I love it. The good, the bad, and the ugly—I do love it all. I'm finding more birth parents that are coming on [to both platforms], and even if they may not yet be telling their story, at least they're talking, which is huge. I will also say I don't always agree with everything that every other birthmom says or every adoptee, but I do know that these are their stories, and I will always listen, and I will always gain knowledge from listening. My one daughter keeps telling me, Mom, you need to go live. You need to go and do it.  I have yet to go live, but I did ask my followers if I went live and started with just reading a chapter of my book at a time, would you want me to do that? The answers that I got were all yes. So, at some point in 2024, I will go live, start reading my book, have discussions, and go from there. I never really imagined having this platform. I did not think that social media would be the place for either my story or me.  But I'm finding more and more that it is, and I love being the fly on the wall many times and just listening. And I always tell people I may not say a lot, but I take in everything, and I will take it from there. It's still hard for me, at times, to put my two cents in because I still have that feeling of, what are they going to say about it? What if I get pushback?

Then there are times when I go, you know what?  I’m just going to do it. There's one person that I have become friendly with—The Outspoken Adoptee—go follow them.  She and I talk often. We don't agree on everything, nor should we, but I listen to them and to other adoptees’ stories. Some talk a lot about their great childhood, and I think, I'm very happy to hear that. More times than not, though, you don't hear about the trauma. And people don't think about the trauma.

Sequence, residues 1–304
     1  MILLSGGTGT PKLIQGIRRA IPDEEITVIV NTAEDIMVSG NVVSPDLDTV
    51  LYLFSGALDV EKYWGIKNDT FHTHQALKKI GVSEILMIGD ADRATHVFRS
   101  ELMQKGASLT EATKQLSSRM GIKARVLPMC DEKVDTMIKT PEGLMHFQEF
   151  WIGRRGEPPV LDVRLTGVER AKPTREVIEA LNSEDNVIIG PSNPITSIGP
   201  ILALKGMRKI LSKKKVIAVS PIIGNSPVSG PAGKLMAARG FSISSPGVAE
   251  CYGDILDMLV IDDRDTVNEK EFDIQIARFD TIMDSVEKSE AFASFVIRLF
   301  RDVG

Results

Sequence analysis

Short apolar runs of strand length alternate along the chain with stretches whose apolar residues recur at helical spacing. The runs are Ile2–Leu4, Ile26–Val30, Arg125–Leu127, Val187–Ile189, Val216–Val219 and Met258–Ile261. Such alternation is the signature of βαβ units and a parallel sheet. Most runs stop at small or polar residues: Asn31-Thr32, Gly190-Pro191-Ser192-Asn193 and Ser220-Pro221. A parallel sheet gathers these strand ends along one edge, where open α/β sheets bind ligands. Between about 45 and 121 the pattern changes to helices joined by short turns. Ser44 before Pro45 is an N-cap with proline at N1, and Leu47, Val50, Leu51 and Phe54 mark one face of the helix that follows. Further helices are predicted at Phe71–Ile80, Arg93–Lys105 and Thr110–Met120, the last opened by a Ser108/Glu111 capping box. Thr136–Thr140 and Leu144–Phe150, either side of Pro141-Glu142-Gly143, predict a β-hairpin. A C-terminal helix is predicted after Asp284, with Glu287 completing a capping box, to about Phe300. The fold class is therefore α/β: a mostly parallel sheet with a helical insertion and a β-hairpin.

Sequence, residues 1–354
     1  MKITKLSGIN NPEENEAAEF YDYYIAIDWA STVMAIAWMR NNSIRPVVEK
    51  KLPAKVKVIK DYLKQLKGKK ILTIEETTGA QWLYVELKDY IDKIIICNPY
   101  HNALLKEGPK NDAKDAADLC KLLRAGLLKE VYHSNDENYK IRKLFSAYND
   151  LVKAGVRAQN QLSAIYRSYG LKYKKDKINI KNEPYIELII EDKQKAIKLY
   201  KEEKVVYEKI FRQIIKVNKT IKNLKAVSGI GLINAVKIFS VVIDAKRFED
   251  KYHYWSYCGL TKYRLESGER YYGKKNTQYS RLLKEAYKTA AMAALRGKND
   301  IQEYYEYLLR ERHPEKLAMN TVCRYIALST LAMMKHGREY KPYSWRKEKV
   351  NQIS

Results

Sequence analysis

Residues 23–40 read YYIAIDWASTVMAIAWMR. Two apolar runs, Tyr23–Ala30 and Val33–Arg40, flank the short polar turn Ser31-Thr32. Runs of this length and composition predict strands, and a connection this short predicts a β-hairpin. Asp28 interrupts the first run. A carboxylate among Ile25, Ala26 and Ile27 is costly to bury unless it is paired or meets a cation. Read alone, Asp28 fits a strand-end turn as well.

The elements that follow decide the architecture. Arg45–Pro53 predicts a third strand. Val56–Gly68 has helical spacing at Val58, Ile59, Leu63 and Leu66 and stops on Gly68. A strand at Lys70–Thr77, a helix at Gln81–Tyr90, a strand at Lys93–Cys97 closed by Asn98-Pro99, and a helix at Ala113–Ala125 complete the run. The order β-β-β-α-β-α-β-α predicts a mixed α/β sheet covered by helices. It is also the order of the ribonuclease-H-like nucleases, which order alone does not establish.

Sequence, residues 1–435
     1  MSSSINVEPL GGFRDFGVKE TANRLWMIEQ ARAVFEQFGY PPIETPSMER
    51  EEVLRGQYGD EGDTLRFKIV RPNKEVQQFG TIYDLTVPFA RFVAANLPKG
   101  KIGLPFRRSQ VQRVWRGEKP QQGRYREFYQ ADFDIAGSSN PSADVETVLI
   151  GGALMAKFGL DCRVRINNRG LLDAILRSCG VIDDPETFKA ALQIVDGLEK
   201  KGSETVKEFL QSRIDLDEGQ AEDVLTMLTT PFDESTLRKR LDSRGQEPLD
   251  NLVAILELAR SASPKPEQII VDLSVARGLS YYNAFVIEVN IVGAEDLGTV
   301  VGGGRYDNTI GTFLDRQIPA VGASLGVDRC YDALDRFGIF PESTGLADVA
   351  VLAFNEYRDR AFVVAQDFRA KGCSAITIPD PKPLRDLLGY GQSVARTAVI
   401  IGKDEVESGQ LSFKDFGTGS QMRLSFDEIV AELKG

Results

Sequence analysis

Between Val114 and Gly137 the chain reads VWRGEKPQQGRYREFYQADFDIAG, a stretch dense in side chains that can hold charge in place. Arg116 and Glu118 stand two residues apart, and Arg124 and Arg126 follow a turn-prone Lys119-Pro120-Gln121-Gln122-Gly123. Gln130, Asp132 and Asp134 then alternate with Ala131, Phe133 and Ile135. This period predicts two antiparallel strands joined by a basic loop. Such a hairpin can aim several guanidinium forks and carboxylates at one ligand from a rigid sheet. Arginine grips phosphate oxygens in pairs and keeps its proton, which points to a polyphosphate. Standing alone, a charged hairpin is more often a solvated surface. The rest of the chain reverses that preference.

One of the things that I do say all the time online is not every birthmother is a drug addict, an alcoholic, etc.  I recently did a local talk show, and we dispelled some adoption myths like those. We only got to three, but it was just a four-minute segment. Those myths hurt people. I think that had I been given the help and the resources that I needed, I would have been able to make better-informed decisions than I was able to do. (S/N:  There was no Google at that point in history, so you could do very little research online.)

Published author, advocate, and public speaker: you have a lot on your plate.  What else are you doing that we missed on this list?

Well, I have a non-profit organization called I Picture Hope.  We do photo sessions for anyone who is either currently fighting cancer or a cancer survivor. Absolutely free. I’ve been doing it for quite a few years, but just got to the point where we became a registered non-profit in Pennsylvania, and now we are working on our 501(c) 3 status. We have twenty-seven months to do it, and it will happen. I’m proud of it, and it’s been getting bigger every year because, unfortunately, the need is getting greater yearly.

I am also the owner and lead Wedding Officiant at Ceremonies by Lori, Co-Owner with my husband, Michael, of ShadowCatcher Photography, a paralegal for an attorney who has been nothing but phenomenal to me and so very supportive, and cannot forget—a Bubbe! 

That is amazing!  Is there anything that you can’t do?

Well, I don’t ski or ride a bike!!! I am sure there is plenty I can’t do, but if it interests me, I learn it!

 To learn more about Lori, you can visit her website, or find her on TikTok and Instagram. An accomplished public speaker, she shares her story here, here, and here. Visit I Picture Hope to learn more about her non-profit organization, and if you are looking for a Wedding Officiant, she can do that, too. She is also an accomplished photographer, and of course, her book, From Mistakes to Miracles: A Jewish Birthmother's Story of Redemption, Hope, & Healing is available on Amazon, BN, Rakutan/Kobo, Apple Books, or can be purchased/ordered from your local bookseller.